TRAVERSE CITY — Traverse City Area Public Schools officials announced substantive changes to the district’s administration structure.
The changes go into effect July 1 and stem from an effort to improve academic instruction at TCAPS and offer more diverse ways to learn. That’s the way education in Michigan is heading, Superintendent Stephen Cousins said.
“The state is requiring us to diversify programs and is tying funding to student performance,” Cousins said. “We’ve got to be proactive to faster meet those changes.”
Foremost among the changes is the creation of a new chief of schools position. Sander Scott, currently Westwoods Elementary School principal, will be appointed to that role.
Scott will oversee daily instructional operations of schools and will supervise principals, social workers, and the district’s athletic and LEAP directors.
School principals will report directly to Scott, who will share an administrative secretary with Cousins. Scott will make about $156,000 in total compensation annually in his new role.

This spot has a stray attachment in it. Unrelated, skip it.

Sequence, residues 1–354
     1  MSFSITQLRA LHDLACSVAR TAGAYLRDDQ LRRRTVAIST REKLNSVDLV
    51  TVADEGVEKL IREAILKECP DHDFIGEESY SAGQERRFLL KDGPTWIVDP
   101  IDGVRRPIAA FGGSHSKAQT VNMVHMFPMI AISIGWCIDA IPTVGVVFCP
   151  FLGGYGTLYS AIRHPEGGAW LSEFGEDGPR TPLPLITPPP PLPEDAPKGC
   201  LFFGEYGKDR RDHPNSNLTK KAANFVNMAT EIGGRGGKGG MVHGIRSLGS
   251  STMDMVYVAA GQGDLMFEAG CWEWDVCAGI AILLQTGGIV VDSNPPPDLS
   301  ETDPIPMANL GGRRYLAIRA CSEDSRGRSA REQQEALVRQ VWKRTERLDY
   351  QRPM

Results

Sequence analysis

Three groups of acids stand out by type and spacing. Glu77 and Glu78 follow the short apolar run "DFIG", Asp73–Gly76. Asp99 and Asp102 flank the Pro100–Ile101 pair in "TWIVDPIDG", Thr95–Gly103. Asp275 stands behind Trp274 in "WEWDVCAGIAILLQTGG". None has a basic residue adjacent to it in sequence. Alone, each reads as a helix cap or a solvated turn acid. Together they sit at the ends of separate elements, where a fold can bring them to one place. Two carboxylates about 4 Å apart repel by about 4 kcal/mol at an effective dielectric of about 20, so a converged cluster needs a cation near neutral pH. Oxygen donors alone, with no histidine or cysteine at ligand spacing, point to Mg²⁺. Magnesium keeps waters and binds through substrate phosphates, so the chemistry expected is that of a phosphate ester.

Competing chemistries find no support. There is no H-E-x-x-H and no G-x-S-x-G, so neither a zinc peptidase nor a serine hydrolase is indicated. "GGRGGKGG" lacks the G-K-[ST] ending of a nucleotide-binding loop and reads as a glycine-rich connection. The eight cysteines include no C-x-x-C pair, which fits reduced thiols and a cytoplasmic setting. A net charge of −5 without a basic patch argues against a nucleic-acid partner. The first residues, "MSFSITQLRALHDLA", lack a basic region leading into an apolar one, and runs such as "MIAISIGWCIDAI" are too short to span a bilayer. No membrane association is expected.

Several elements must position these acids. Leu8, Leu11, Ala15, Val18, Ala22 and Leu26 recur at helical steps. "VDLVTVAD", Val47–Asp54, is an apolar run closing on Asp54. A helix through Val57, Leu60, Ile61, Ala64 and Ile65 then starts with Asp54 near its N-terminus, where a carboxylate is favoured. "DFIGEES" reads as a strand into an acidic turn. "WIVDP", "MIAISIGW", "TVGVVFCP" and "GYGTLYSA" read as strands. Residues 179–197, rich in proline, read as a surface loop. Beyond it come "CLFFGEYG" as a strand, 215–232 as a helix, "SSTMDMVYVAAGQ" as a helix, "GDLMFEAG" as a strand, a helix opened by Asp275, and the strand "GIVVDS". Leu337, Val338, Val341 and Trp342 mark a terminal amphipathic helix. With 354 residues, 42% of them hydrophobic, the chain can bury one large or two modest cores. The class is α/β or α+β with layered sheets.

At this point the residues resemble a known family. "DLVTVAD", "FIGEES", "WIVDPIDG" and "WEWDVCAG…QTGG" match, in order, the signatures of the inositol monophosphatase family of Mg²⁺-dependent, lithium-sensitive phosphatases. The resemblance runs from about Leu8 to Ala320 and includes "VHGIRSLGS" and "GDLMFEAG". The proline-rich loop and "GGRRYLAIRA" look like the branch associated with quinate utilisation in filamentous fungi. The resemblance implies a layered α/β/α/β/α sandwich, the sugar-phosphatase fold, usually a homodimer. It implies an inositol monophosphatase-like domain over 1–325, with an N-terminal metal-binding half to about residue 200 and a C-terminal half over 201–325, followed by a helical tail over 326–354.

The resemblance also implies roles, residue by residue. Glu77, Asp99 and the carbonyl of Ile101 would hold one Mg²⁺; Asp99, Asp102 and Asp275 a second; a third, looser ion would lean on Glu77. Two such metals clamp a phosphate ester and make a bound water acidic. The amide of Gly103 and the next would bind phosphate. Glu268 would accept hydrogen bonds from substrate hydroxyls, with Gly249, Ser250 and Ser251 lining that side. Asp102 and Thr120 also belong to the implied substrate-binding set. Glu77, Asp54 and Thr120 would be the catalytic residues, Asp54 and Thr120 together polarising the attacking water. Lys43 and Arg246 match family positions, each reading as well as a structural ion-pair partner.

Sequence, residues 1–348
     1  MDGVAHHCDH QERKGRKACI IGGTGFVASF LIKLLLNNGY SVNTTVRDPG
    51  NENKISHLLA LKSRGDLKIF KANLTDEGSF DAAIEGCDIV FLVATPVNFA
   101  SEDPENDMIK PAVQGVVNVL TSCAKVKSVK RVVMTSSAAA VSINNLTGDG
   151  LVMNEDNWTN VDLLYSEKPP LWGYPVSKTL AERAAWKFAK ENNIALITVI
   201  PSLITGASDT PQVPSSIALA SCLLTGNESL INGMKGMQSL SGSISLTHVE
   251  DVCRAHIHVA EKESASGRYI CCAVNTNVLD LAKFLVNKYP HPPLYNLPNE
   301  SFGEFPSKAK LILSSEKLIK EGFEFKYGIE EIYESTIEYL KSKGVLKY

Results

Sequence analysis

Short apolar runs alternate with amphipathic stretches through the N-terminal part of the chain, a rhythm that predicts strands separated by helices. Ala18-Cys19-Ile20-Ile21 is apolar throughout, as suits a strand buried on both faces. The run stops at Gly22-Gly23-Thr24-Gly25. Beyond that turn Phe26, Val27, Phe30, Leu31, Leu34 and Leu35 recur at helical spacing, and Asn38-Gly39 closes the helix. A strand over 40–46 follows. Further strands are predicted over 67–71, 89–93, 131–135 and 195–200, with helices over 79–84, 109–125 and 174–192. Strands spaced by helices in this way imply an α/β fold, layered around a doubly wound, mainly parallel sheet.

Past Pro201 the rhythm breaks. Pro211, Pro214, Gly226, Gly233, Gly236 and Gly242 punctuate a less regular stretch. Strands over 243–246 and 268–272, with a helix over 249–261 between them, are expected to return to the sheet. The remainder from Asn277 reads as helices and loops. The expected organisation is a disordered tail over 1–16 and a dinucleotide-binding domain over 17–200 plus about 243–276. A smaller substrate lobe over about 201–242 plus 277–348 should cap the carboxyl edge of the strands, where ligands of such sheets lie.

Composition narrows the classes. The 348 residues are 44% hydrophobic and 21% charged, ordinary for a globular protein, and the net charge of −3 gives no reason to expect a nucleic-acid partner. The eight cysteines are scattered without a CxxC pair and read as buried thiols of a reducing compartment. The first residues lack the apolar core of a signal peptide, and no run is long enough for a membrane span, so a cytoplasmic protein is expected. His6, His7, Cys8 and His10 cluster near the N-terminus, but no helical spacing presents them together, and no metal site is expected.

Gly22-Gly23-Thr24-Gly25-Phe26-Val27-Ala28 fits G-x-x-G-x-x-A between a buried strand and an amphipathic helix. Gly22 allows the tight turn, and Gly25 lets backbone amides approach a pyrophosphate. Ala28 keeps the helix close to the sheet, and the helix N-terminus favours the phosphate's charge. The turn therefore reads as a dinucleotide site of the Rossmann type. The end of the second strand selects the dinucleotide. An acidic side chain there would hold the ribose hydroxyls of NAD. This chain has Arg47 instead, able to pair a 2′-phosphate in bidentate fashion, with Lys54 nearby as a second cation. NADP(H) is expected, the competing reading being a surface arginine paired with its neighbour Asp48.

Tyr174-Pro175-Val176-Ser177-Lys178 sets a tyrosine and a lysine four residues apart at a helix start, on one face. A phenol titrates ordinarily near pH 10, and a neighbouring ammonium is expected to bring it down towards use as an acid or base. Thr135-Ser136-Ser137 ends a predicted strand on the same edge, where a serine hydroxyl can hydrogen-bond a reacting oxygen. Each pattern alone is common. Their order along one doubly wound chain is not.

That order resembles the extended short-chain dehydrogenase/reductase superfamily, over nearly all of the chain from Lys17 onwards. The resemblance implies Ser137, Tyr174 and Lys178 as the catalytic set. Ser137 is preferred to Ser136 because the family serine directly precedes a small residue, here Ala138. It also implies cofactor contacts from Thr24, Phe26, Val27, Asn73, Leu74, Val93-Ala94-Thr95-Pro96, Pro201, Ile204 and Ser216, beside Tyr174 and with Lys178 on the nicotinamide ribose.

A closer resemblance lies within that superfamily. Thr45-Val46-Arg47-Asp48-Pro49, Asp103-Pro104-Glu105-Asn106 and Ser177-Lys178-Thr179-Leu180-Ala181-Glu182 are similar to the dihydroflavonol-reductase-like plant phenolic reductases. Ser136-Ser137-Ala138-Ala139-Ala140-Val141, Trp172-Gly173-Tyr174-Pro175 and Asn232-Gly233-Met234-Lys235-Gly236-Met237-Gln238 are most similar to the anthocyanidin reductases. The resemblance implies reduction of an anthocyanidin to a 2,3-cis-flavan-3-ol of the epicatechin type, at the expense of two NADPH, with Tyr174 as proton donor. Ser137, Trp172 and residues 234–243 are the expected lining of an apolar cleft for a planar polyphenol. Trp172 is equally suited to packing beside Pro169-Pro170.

Principals now report to Jayne Mohr, associate superintendent of quality learning development. Mohr will lose that responsibility, but the reorganization puts her in charge of innovative academic programs and specialty schools, like the International School at Bertha Vos.
“We’re really taking some things off Jayne Mohr’s plate so she can focus on that,” Cousins said.
Mohr also will pick up duties previously held by TCAPS’ director of professional development. The district officially deleted that position, currently held by Cathy Meyer-Looze.
The reorganization also includes a change to Chief Financial Officer Paul Soma’s title. Soma’s post will be renamed associate superintendent of finances and operations.
Neither his nor Mohr’s compensation levels will change.
The district will save about $46,000 through the reorganization. TCAPS will spend about half of that on professional development, including improved math instruction and a program called instructional rounds, the equivalent of medical rounds in the classroom.
Board of Education President Kelly Hall said the restructuring brings innovation and academic accountability to TCAPS.
“We need to try new things and be willing to take the lead in innovating for our kids, not do the same thing education has been doing for 100 years,” Hall said.